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Expertise and “Truth Decay”

Americans are suspicious of expertise. The right believes it is elitist, the province of those pointy-headed liberals who look down their noses at the rest of us. Those on the left remember that the “best and brightest” gave us the ten year slog in Vietnam with 58,000 American deaths and total fatalities of over two million. We laud “good old commonsense”, which many believe is both an antidote for professional knowledge and a solution to any problem.

Climate change? How many times do we have be told that a chilly day in summer is proof that the planet is not warming. The need for social distancing and masks? Forget the advice of all our health professionals, I have a Constitutional right to be stupid and party at crowded bars and infect others. I am waiting for Donald Trump to attend a beachfront bar in Fort Lauderdale without his mask, or, better yet, hold his rally in Texas and go into the crowd and shake hands with his supporters without asking them to sign a waiver of liability if they catch the virus.

It’s silly to think you can argue with stupidity based on a conscious avoidance of knowledge, but maybe we can at least define some of the terms. Expertise is defined as an expert opinion by one with special skill or knowledge representing mastery of a particular subject. Thus, to be an expert does not require academic training, only smarts in a particular subject.

If my friend is a wonderful carpenter with no training other than years of experience, I will gladly rely on him to build my home, knowing he will refer me to a plumber and electrician to do something outside of his expertise. That said, experience alone is not sufficient for many professions, which require intense academic study.

A doctor needs eight years of medical school, internship and medical residency to develop her knowledge to the point that she can perform her specialty. Wishing and commonsense won’t make her able to perform surgery, nor will it help an engineer to build a bridge, or an epidemiologist to evaluate a new Coronavirus drug. (Although our President seems able to do so because of his “natural instinct for science.”)

This is not to say we must automatically accept the conclusions of experts, it only means we have to set aside our emotional and political biases and evaluate what is presented to us based on the facts, the arguments and the conclusions. We may not believe politically that we should raise the minimum wage to $15.00 per hour, but if there is a study which advances that proposition we should at least have an open enough mind to see if the evidence supports that conclusion.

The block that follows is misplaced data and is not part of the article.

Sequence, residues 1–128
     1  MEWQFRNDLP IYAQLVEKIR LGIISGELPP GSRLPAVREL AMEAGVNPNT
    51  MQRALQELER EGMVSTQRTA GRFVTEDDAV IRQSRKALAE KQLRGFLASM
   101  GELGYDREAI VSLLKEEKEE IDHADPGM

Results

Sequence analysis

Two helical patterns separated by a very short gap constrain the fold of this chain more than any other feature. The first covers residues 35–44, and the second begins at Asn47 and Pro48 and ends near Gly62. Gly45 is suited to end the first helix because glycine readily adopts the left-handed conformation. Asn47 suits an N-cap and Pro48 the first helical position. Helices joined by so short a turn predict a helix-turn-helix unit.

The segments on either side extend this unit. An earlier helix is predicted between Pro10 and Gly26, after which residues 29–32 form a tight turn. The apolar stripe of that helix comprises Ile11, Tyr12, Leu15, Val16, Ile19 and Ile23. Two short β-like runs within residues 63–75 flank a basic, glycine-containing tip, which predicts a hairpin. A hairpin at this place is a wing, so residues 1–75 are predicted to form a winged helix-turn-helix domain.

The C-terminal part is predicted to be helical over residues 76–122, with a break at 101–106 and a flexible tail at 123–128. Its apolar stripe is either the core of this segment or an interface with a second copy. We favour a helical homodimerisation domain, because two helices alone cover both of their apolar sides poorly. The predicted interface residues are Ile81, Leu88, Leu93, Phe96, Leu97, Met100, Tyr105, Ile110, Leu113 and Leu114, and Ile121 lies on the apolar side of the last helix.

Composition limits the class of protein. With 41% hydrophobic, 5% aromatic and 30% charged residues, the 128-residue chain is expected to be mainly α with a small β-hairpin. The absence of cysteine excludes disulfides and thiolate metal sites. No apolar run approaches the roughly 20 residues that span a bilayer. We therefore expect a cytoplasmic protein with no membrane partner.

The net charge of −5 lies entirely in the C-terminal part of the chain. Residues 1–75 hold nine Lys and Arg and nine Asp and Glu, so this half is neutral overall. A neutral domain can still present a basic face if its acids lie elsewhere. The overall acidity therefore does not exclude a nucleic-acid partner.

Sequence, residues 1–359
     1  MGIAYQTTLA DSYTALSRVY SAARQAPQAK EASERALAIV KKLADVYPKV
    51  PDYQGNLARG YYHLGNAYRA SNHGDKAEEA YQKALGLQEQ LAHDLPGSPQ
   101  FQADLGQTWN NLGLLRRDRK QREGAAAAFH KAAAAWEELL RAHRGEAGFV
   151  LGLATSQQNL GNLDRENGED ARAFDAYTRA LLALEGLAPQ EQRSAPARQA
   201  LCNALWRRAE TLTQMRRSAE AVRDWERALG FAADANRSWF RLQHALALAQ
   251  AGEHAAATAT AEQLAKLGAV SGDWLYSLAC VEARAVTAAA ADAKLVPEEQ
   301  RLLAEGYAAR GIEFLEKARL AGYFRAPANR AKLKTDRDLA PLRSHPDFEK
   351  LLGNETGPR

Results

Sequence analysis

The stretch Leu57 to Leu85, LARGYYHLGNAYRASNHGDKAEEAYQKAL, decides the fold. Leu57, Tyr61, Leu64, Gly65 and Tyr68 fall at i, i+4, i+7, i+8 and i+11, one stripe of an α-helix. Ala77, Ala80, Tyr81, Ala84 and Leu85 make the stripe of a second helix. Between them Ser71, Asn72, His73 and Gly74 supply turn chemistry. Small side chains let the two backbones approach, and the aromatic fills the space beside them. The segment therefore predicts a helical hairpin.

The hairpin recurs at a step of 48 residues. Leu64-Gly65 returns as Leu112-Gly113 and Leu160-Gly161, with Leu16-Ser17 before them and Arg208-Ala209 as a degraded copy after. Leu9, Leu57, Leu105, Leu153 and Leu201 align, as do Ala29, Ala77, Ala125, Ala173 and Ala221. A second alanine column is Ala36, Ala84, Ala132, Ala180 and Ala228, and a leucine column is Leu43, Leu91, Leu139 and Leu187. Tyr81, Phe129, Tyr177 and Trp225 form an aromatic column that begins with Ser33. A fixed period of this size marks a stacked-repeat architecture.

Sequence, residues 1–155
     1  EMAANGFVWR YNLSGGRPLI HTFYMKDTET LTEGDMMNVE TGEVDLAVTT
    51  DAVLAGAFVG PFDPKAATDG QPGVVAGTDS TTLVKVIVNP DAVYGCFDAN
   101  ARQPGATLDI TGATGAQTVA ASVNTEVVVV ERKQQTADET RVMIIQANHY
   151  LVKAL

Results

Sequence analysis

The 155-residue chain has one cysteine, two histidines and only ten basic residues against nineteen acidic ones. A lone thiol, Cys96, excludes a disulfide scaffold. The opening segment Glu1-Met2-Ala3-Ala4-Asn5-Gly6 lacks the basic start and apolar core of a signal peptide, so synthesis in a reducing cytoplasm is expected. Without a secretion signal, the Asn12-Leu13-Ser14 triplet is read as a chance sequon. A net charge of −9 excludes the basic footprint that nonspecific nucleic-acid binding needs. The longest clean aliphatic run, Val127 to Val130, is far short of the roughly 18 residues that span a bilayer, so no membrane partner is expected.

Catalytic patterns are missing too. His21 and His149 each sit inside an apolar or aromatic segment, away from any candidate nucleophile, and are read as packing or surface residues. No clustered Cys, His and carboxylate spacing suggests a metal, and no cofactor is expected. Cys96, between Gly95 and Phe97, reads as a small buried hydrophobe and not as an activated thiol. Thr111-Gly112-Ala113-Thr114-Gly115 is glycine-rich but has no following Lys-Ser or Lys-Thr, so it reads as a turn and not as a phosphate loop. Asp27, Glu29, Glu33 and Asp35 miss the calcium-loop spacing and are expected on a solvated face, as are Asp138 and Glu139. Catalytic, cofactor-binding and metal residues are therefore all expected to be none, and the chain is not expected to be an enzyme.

The difficulty arises when there are problems which cannot be solved by scientific principles. Unfortunately, political issues don’t lend themselves to scientific certainty, which is the best reason why we should not be subservient to political pundits and politicians. We should hold them to real facts, and then we can then make our own judgements about their expertise, abilities and biases.

One problem in the last three years is that our President and his followers have called anything they disagree with fake news. This has led to our skepticism of all news and the editorializing of reporting and unmitigated lies (both Russian, Chinese and domestic), throughout social media and in other news sources. Trump and other autocrats world-wide have succeeded in eroding people’s faith in all media, making us susceptible to disbelieving everything and believing anything.

The Rand Corporation has called this phenomenon “truth decay”, which they have defined as the diminishing role of facts and analysis in American public life. They have concluded that most of us get our news from multiple sources, including broadcast and cable TV, online sources, print and radio. Their most surprising finding was that one third of us used news sources which we believed were less reliable, mostly relying on social media and our peers. This follows numerous other studies which show that we listen or watch media which is attuned to our individual political outlook.

An open mind is a rare commodity In politics. Not being willing to listen to others, experts or not, shuts down our interactions, knowledge, and the ability to reach fully considered opinions and possible consensus. It also causes alienation and sharp divisions in the body politic. F. Scott Fitzgerald said that “the test of first rate intelligence is the ability to hold two opposed ideas in mind at the same time and still retain the ability to function”. That first rate intelligence is a requirement in a democratic nation, one built on an exchange of ideas to develop both legislation and policy.

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